(i) Submit a Periodic SSM Report as described in §63.2861(c)?No, a SSM activity is not categorized as normal operationYesYes.
(j) Submit an Immediate SSM Report as described in §63.2861(d)?No, a SSM activity is not categorized as normal operationYes, only if your source does not follow the SSM planYes, only if your source does not follow the SSM plan.

Table 2 of §63.2850—Schedules for Demonstrating Compliance Under Various Source Operating Modes

If your source is  .  .  . and is operating
under.  .  .
then your recordkeeping
schedule.  .  .
You must determine your first compliance ratio by the end of the calendar month following.  .  . Base your first compliance ratio on information
recorded.  .  .
(a) ExistingNormal operationBegins on the compliance dateThe first 12 operating months after the compliance dateDuring the first 12 operating months after the compliance date.
(b) New(1) Normal operationBegins on the startup date of your new sourceThe first 12 operating months after the startup date of the new sourceDuring the first 12 operating months after the startup date of the new source.
   (2) An initial startup periodBegins on the startup date of your new sourceThe first 12 operating months after termination of the initial startup period, which can last for up to 6 monthsDuring the first 12 operating months after the initial startup period, which can last for up to 6 months.
(c) Existing or new that has been significantly modified(1) Normal operationResumes on the startup date of the modified sourceThe first operating month after the startup date of the modified sourceDuring the previous 11 operating months prior to the significant modification and the first operating month following the initial startup date of the source.
   (2) An initial startup periodResumes on the startup date of the modified sourceThe first operating month after termination of the initial startup period, which can last up to 3 monthsDuring the 11 operating months before the significant modification and the first operating month after the initial startup period.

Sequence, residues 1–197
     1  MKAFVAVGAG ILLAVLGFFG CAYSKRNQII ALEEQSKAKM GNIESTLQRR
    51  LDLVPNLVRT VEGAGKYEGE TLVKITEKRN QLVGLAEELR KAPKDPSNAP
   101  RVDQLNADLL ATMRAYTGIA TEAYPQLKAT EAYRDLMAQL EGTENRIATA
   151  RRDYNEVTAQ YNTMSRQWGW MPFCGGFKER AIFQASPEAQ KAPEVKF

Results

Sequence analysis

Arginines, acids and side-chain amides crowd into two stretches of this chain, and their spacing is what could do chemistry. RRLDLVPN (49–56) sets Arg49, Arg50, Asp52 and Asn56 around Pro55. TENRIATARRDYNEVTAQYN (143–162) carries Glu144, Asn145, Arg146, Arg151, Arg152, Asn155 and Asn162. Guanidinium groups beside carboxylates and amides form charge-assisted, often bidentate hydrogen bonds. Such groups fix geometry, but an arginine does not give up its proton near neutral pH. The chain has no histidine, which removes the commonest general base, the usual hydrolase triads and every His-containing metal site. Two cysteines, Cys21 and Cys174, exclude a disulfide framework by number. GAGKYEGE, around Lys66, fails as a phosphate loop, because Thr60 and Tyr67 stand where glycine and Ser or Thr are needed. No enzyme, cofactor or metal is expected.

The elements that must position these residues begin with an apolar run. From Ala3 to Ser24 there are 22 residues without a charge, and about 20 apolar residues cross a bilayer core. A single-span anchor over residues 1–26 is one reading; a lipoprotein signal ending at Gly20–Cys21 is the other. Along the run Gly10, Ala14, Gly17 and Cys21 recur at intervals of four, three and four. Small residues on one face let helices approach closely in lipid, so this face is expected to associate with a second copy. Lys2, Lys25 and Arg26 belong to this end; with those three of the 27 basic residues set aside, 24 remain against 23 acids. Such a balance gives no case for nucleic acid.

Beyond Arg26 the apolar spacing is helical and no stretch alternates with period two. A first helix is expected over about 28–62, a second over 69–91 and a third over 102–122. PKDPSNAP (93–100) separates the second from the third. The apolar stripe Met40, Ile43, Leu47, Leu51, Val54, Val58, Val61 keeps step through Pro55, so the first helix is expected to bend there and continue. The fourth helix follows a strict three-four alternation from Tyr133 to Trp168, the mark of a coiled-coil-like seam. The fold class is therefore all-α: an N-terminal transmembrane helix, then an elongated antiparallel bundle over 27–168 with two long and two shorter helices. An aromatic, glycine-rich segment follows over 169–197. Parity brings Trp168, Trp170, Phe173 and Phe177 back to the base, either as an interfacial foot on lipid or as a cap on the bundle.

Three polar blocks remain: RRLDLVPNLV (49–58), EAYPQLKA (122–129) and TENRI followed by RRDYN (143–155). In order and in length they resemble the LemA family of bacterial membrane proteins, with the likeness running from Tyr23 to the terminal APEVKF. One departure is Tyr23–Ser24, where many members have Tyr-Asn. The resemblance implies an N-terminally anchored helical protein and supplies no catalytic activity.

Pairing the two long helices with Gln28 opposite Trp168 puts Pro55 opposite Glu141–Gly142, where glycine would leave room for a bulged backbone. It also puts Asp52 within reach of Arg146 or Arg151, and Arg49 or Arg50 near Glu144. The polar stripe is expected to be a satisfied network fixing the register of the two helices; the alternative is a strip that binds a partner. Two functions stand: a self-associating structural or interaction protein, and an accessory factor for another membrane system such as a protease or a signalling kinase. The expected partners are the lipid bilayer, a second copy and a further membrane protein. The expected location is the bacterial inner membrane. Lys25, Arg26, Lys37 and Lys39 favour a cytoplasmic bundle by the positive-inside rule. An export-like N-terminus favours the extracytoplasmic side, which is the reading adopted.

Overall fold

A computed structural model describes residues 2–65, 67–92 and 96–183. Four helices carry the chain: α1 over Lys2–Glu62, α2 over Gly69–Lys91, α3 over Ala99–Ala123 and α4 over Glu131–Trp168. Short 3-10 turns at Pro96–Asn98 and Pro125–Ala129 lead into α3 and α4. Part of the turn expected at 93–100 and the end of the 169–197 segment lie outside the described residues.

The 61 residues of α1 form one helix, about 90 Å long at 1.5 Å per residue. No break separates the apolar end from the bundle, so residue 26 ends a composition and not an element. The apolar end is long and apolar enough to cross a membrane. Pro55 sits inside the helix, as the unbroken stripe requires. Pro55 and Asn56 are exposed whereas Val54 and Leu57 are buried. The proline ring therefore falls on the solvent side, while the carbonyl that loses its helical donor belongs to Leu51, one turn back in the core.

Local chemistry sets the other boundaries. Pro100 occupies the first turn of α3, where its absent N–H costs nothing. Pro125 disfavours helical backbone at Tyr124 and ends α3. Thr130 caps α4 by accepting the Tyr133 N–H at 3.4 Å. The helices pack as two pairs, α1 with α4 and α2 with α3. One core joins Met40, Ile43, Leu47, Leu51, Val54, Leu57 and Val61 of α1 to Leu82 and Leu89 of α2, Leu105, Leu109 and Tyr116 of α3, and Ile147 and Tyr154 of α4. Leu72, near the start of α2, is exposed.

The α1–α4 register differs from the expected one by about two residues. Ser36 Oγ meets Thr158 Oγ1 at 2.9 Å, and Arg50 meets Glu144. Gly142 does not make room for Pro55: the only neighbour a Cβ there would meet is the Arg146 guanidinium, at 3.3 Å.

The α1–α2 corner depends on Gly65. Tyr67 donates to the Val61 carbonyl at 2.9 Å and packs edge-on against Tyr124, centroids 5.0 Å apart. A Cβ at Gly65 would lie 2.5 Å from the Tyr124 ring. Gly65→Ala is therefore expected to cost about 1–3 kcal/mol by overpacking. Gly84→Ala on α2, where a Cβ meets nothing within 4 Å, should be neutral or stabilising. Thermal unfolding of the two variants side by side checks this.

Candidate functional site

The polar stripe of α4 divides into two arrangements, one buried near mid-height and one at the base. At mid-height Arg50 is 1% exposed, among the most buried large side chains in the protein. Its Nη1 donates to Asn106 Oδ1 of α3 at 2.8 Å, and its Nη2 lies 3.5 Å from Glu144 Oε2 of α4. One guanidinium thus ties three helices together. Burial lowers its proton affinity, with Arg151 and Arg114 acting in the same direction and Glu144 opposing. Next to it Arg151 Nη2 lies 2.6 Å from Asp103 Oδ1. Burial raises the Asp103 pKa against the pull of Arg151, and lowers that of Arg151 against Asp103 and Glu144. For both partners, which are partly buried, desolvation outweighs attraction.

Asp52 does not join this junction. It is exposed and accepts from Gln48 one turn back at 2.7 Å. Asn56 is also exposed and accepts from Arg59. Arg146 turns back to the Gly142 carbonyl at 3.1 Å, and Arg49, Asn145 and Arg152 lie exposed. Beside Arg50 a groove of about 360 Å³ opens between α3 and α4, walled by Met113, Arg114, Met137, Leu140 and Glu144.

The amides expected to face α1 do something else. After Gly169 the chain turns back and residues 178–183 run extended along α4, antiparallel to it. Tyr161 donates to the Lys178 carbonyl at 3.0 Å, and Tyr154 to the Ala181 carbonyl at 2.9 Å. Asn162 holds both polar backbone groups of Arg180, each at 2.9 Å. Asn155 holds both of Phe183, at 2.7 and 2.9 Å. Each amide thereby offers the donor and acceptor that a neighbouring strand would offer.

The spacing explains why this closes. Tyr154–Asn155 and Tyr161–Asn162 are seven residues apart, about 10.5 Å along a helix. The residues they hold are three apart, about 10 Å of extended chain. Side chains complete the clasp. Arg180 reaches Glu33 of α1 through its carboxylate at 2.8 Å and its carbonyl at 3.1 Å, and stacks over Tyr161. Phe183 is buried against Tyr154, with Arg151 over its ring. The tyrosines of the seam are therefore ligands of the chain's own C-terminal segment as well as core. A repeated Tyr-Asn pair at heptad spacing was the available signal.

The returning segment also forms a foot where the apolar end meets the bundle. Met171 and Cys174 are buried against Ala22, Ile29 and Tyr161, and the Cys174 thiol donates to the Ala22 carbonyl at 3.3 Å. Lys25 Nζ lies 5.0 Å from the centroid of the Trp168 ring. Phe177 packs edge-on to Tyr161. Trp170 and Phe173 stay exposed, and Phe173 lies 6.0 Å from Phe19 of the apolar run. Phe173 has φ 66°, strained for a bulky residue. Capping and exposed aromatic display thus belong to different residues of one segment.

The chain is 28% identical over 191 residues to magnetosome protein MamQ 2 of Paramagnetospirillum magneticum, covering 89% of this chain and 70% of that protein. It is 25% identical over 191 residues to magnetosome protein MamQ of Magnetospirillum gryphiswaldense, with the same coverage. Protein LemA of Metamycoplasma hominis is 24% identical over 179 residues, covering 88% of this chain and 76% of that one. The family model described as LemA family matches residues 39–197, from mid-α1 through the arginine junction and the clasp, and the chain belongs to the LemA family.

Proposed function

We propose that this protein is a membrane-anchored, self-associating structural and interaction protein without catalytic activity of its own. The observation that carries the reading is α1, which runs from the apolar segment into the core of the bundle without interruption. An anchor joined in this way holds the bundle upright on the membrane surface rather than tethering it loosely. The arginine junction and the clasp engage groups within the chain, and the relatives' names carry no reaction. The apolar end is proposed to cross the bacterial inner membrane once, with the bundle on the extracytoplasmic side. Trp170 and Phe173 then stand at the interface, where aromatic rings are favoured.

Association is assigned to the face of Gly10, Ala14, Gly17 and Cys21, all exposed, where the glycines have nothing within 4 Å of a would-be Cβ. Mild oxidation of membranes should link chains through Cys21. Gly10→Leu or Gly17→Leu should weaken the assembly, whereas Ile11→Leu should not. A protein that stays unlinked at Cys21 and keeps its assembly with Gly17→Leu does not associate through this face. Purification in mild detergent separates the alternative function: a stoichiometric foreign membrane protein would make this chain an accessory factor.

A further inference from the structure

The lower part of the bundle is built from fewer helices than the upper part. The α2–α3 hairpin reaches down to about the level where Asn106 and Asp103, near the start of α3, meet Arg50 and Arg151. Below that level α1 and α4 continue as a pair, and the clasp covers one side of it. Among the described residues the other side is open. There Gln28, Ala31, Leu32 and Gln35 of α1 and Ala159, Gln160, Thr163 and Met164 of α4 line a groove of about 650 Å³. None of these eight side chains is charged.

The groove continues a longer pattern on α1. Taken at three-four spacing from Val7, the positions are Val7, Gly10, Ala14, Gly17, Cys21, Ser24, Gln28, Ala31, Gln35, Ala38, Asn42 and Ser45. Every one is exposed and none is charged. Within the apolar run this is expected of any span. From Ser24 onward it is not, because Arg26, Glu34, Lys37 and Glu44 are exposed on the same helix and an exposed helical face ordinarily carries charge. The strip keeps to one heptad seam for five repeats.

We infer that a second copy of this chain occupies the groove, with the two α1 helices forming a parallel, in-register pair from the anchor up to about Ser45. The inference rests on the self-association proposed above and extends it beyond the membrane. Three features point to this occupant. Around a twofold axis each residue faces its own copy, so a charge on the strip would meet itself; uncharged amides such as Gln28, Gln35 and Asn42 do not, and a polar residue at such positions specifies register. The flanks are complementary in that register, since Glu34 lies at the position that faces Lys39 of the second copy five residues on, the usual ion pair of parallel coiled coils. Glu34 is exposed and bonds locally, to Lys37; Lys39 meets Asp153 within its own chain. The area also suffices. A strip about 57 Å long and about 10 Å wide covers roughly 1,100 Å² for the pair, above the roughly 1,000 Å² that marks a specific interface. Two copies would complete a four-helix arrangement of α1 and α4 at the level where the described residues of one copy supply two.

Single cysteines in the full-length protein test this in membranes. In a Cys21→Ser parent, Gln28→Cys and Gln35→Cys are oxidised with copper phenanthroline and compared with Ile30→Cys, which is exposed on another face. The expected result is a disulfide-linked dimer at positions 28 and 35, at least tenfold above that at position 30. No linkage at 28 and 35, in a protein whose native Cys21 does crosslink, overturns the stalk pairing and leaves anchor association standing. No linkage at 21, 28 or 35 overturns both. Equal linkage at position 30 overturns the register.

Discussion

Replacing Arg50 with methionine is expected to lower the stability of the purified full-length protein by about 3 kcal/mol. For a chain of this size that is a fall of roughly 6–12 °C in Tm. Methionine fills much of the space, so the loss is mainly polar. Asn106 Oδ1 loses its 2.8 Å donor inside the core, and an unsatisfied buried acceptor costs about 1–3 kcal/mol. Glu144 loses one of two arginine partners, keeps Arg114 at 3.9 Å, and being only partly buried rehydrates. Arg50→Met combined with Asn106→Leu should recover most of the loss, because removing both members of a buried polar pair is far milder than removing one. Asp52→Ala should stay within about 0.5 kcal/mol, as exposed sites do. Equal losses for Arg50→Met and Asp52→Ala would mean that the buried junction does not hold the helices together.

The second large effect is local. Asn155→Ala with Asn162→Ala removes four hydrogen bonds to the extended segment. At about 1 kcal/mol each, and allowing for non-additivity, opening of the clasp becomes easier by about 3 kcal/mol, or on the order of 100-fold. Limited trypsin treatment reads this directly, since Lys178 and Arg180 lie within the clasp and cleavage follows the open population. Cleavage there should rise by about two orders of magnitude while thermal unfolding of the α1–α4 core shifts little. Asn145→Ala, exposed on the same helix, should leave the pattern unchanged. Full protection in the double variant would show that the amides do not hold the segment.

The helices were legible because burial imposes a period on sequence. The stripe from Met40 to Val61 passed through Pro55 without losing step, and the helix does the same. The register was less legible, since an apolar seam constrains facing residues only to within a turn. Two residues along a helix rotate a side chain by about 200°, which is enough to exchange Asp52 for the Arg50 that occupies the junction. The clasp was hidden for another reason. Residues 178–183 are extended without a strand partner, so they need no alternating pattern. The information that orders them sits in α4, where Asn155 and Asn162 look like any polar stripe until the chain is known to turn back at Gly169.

[66 FR 19011, Apr. 12, 2001, as amended at 71 FR 20463, Apr. 20, 2006]

§63.2851   What is a plan for demonstrating compliance?

(a) You must develop and implement a written plan for demonstrating compliance that provides the detailed procedures you will follow to monitor and record data necessary for demonstrating compliance with this subpart. Procedures followed for quantifying solvent loss from the source and amount of oilseed processed vary from source to source because of site-specific factors such as equipment design characteristics and operating conditions. Typical procedures include one or more accurate measurement methods such as weigh scales, volumetric displacement, and material mass balances. Because the industry does not have a uniform set of procedures, you must develop and implement your own site-specific plan for demonstrating compliance before the compliance date for your source. You must also incorporate the plan for demonstrating compliance by reference in the source's title V permit and keep the plan on-site and readily available as long as the source is operational. If you make any changes to the plan for demonstrating compliance, then you must keep all previous versions of the plan and make them readily available for inspection for at least 5 years after each revision. The plan for demonstrating compliance must include the items in paragraphs (a)(1) through (7) of this section:

(1) The name and address of the owner or operator.

(2) The physical address of the vegetable oil production process.

(3) A detailed description of all methods of measurement your source will use to determine your solvent losses, HAP content of solvent, and the tons of each type of oilseed processed.

(4) When each measurement will be made.

(5) Examples of each calculation you will use to determine your compliance status. Include examples of how you will convert data measured with one parameter to other terms for use in compliance determination.

(6) Example logs of how data will be recorded.

(7) A plan to ensure that the data continue to meet compliance demonstration needs.